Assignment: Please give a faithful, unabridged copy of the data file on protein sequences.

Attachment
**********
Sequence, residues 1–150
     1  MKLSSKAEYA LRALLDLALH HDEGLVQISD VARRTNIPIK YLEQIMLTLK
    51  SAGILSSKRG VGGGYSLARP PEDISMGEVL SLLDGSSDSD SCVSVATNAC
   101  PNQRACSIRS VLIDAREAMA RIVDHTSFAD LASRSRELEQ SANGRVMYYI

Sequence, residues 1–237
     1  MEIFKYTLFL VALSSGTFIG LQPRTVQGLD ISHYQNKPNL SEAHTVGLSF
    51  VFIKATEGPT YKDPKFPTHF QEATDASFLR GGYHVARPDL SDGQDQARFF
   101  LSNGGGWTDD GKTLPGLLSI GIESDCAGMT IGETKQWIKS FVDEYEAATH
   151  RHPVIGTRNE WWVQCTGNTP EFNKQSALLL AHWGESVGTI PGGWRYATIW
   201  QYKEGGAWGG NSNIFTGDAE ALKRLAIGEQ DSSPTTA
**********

Sequence, residues 1–150
     1  MKLSSKAEYA LRALLDLALH HDEGLVQISD VARRTNIPIK YLEQIMLTLK
    51  SAGILSSKRG VGGGYSLARP PEDISMGEVL SLLDGSSDSD SCVSVATNAC
   101  PNQRACSIRS VLIDAREAMA RIVDHTSFAD LASRSRELEQ SANGRVMYYI

Sequence, residues 1–237
     1  MEIFKYTLFL VALSSGTFIG LQPRTVQGLD ISHYQNKPNL SEAHTVGLSF
    51  VFIKATEGPT YKDPKFPTHF QEATDASFLR GGYHVARPDL SDGQDQARFF
   101  LSNGGGWTDD GKTLPGLLSI GIESDCAGMT IGETKQWIKS FVDEYEAATH
   151  RHPVIGTRNE WWVQCTGNTP EFNKQSALLL AHWGESVGTI PGGWRYATIW
   201  QYKEGGAWGG NSNIFTGDAE ALKRLAIGEQ DSSPTTA